Higher Liability Caps Would Hurt Access to Care - 04/04/2017

I am concerned about the future of medical care in our community, and many, many others like it in Texas. Physicians in rural areas already work harder and make less money due to cuts in payment. I’m age 55. Our eldest physician, Rusty West, is 58. It’s always been difficult to recruit doctors to come to a rural community. But I am convinced that it will be even harder to recruit if the cap is raised and insurance premiums go back up again. There is a point when the practice of medicine in rural Texas becomes economically unsustainable. Raising the cap on damages moves us to that point as the increased cost can’t be passed on to our patients, many of whom are on Medicare and Medicaid.


Texas Suffers in GME Redistribution - 06/22/2016

Texas was one of the biggest losers in the federal government's August 2011 redistribution of unused graduate medical education positions eligible for Medicare GME funding, a TMA analysis found. The state lost 50.08 direct graduate medical education slots and 39.8 indirect medical education positions from 21 hospitals.


Improve Funding for GME - 06/22/2016

We continue to have a serious physician shortage. Those shortages touch the majority of specialties and they impede access to care. The new expansion grant programs authorized by the last legislature are a big step toward expanding our GME capacity and we are grateful for the legislative commitment toward building our physician workforce. Having the additional $14.25 million is good for the state.  The $65,000 per-resident amount authorized for these programs is significant.  These programs also acknowledge the partnership between medical schools and teaching hospitals in training a resident.


Be a Preceptor; Help Shape the Next Generation of Medicine(1) - 06/22/2016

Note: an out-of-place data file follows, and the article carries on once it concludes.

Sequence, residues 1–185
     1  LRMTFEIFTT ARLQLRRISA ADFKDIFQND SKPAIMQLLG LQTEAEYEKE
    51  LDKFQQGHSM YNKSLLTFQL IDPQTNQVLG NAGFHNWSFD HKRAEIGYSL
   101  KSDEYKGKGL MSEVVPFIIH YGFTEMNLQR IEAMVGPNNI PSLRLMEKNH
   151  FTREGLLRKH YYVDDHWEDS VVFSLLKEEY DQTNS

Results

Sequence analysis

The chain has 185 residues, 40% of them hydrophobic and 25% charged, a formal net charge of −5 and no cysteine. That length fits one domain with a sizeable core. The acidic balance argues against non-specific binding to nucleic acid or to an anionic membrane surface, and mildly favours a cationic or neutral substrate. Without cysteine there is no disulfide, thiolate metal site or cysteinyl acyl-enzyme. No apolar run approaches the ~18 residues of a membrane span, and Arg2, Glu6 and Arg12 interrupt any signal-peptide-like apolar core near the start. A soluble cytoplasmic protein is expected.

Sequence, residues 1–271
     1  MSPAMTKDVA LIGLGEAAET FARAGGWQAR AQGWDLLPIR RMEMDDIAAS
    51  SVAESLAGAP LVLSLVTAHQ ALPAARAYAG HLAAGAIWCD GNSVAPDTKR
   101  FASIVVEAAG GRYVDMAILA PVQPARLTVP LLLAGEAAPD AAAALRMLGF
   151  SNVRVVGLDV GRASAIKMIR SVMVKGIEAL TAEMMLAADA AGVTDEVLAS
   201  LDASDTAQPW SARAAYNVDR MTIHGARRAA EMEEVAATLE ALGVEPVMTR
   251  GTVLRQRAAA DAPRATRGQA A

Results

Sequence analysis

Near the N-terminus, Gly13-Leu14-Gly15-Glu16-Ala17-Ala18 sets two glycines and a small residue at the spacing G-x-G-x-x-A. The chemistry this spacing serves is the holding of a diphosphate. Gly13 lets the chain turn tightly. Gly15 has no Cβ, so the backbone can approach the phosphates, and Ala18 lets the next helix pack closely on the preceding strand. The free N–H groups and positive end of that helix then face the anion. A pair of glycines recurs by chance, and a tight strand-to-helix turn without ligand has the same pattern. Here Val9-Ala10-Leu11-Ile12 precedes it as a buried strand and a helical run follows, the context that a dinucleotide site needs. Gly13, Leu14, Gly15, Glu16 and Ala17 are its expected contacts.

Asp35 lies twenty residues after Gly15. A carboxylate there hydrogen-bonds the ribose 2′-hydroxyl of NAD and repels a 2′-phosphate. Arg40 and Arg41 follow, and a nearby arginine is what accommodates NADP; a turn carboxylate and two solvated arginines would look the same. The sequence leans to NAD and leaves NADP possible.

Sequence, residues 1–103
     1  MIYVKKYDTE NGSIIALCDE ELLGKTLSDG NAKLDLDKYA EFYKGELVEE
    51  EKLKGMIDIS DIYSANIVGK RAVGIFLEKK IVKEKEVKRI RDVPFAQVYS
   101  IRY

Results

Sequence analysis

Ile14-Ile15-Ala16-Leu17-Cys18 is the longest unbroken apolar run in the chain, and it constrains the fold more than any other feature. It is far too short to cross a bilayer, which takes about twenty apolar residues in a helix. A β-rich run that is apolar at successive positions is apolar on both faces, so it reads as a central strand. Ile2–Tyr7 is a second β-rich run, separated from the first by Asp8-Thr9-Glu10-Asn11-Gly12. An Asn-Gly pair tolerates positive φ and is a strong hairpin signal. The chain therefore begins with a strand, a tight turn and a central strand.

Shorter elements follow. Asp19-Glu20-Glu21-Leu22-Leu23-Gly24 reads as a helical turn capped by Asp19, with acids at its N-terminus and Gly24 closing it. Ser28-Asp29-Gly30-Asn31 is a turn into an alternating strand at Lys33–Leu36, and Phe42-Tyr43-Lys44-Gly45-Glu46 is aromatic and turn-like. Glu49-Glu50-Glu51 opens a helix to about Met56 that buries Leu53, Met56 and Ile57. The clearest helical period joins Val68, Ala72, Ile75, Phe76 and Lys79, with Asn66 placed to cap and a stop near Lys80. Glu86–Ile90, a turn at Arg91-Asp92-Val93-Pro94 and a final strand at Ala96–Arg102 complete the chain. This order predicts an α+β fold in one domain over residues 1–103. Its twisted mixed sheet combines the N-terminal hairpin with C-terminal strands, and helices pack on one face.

The Texas Chapter of the American College of Physicians is seeking physician mentors for the summer 2016 General Internal Medicine Statewide Preceptorship Program.


Tax Relief, Medicaid Primary Care Pay Bump in Sight; Scope in Crosshairs - 06/22/2016

As hearings get under way and lawmakers scramble to fashion a budget at the halfway mark of the 2015 legislative session, graduate medical education funding and tax relief remain a focal point for the legislature, and the House of Medicine has made early progress on both fronts. Lawmakers also heard TMA's call to reinstate the Medicaid-Medicare parity payments for primary care.


2015 Legislative Wins: Psychiatrists - 06/22/2016

2015 Legislative Wins: Psychiatrists


GME Gamble - 06/02/2016

A new Institute of Medicine report that recommends sweeping changes to graduate medical education (GME) has challenged organized medicine's calls for increased Medicare GME funding to address looming physician shortages, setting off a firestorm of debate over the future of the U.S. physician workforce. The Texas Medical Association is evaluating the potential impact of the recommendations, which call for a variety of changes in how existing funds are allocated and leave a number of unknowns for Texas institutions.


A New Path to Primary Care - 05/25/2016

The University of North Texas Health Science Center and the Texas College of Osteopathic Medicine are partnering with Midland College and Midland Memorial Hospital to keep their own crop of future doctors in the area. The Primary Care Pathway identifies interested, high-achieving community college students likely to be successful in medical school and guarantees them an accelerated pathway to a doctor of osteopathic medicine degree, focusing earlier and more intensely on primary care.